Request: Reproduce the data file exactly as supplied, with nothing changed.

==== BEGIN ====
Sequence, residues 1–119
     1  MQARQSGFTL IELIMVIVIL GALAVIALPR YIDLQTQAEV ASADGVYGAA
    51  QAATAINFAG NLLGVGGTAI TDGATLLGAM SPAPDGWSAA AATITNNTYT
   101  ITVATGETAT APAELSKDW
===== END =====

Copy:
Sequence, residues 1–119
     1  MQARQSGFTL IELIMVIVIL GALAVIALPR YIDLQTQAEV ASADGVYGAA
    51  QAATAINFAG NLLGVGGTAI TDGATLLGAM SPAPDGWSAA AATITNNTYT
   101  ITVATGETAT APAELSKDW